ANKARA: Russian President Vladimir Putin has urged his counterparts in Turkey and Iran to encourage peaceful dialogue between rival forces in Syria in a bid to end the country’s bitter 9-year war.
Speaking during a televised video conference with Turkey’s Recep Tayyip Erdogan and Iran’s Hassan Rouhani on July 1, the Russian leader said: “An inclusive inter-Syrian dialogue should be actively promoted within the framework of the constitutional committee in Geneva. I propose to support this process, to help the participants to meet and start a direct dialogue.”
To what extent the three countries can agree on genuine political transition remains unclear, however, especially with Ankara and Tehran supporting vastly different regional agendas.
But Galip Dalay, a visiting scholar at the University of Oxford, believes one thing is certain: In Idlib, the so-called “Astana three” have effectively become the “Astana two,” with Ankara and Moscow excluding Iran.
“This, in turn, gives Iran added motivation to undermine any Turkish-Russian deal,” he told Arab News.
“While both Iran and Turkish interests are aligned when it comes to opposing the territorial disintegration of Syria and a larger US role, their priorities conflict almost on everything else,” he said.
“They can try to keep a conflict management process on track, but the divergence between them is only getting larger.”
Russia and Iran have been the main supporters of President Bashar Assad’s regime, while Turkey backs the opposition. The three countries began cooperating to reduce the fighting in Syria as part of a diplomatic process dating back to 2017.
Bedir Mulla Reshid, a researcher at the Omran Center for Strategic Studies in Istanbul, said that Iran and Turkey have been in indirect confrontation on Syria since the civil war began.
“Turkey has supported the Syrian political and military opposition, both in the face of the Assad regime and the sectarian militias sent to Syria by Iran. As for Iran, from the first day it stood beside Assad regime, and is one of the two main parties that refused to allow the regime to fall,” he told Arab News.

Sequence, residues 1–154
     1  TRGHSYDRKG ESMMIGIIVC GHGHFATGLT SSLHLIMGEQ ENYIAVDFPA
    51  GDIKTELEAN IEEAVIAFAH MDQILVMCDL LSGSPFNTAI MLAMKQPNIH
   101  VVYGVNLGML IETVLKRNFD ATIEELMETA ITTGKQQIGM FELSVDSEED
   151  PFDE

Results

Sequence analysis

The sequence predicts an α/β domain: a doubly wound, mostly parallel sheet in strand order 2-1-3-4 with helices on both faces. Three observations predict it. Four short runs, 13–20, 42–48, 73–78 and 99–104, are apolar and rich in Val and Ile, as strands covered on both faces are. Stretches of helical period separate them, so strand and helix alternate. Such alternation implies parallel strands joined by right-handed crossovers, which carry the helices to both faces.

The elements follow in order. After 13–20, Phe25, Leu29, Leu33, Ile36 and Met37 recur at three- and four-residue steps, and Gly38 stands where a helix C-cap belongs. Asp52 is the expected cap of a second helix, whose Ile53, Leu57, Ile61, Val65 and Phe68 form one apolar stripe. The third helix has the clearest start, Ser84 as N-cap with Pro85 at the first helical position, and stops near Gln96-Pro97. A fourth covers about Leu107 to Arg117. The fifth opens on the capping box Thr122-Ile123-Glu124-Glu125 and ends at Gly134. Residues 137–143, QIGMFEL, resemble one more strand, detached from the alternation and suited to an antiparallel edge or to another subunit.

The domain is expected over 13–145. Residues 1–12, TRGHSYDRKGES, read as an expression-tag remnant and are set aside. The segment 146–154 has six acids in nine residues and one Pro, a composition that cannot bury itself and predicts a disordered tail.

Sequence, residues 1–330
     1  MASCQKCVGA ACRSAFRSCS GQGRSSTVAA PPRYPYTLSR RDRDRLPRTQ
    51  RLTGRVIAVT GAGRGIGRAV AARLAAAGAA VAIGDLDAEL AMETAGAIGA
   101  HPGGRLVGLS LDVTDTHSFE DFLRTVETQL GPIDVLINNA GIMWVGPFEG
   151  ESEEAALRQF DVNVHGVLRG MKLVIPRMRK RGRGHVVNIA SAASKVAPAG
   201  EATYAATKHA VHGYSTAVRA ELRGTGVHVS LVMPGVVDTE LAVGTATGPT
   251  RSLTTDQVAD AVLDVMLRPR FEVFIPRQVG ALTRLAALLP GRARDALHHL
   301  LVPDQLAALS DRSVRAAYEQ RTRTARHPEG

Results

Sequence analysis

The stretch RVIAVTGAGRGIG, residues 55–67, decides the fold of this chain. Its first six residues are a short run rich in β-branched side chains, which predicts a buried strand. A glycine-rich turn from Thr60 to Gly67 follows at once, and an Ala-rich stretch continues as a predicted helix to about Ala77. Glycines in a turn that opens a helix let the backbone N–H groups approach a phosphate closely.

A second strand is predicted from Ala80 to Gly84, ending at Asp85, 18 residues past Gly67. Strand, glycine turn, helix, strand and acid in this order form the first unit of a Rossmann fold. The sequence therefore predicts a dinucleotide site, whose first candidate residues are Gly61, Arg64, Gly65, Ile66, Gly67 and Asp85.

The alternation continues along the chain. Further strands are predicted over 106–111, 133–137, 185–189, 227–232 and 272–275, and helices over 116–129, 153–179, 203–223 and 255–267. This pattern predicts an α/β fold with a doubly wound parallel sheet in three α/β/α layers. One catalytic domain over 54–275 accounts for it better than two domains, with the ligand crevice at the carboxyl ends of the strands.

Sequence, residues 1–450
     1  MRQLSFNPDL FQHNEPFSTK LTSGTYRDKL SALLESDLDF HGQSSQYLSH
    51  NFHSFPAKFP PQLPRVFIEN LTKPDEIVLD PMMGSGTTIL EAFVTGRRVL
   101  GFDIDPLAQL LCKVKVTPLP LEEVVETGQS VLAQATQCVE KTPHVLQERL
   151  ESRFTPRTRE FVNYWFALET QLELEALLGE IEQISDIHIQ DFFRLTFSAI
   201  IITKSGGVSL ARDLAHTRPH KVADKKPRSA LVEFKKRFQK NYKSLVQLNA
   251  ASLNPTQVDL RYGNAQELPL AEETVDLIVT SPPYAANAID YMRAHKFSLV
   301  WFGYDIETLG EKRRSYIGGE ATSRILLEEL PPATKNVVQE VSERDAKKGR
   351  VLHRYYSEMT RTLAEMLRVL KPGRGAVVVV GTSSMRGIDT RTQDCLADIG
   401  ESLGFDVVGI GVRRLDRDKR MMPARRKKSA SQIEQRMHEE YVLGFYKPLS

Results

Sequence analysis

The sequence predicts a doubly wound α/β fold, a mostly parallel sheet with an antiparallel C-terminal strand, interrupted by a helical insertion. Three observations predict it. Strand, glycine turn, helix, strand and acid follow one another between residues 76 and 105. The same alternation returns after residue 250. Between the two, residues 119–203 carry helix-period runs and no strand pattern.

During the televised video conference, Rouhani again pledged his country’s support for the “legal government of Bashar Assad.”
The next trilateral meeting between the guarantor countries is expected to be held in Iran, but a date has yet to be specified.
Meanwhile, a third round of Syrian constitutional committee talks overseen by the UN are set to be held next month.
The 150-member committee, which was launched in Geneva on October 2019, includes Syrian government and opposition leaders, as well as civic representatives.
Ankara has stopped the Syrian Kurdish Democratic Union Party (PYD), which it considers a terror group, from taking part in the Geneva talks.
According to Reshid, Iran hopes to strengthen its influence in Syria through its military militias and relief institutions.
Joe Macaron, a Middle East foreign policy analyst at the Washington-based Arab Center, said that regional dynamics, especially the US Caesar Act sanctions on Syria, “make it difficult to imagine a path forward to reach a political settlement.”
The Caesar Act entered into force on June 17, 2020, with sanctions targeting the Syrian government for war crimes.
“Idlib remains a contentious issue between Turkey and Russia, while competition continues between Moscow and Washington in northeast Syria,” Macaron told Arab News.
He said that the rival countries “seem to be interested in buying time to consolidate their influence” and are not ready to resolve the conflict under the current terms.
However, the Syrian regime’s willingness to implement a political transition by giving concessions is also open to doubt.
“Damascus blocked the political process and tried to disrupt committee meetings in Geneva,” Anton Mardasov, a nonresident scholar at the Middle East Institute’s Syria program, told Arab News.
“This whole process is a fiction, which Russia is trying to demonstrate under the guise of a real compromise,” he added.
Mardasov believes that a compromise solution is unlikely in a short term, with presidential elections due in Syria and Iran in 2021.
“Moscow is trying to return to the idea of a transitional government. The main focus of the negotiations between Turkey and Russia seems to be about the eastern part of Syria. Moscow is likely to approve Ankara’s operations to put pressure on the Kurds again,” he said.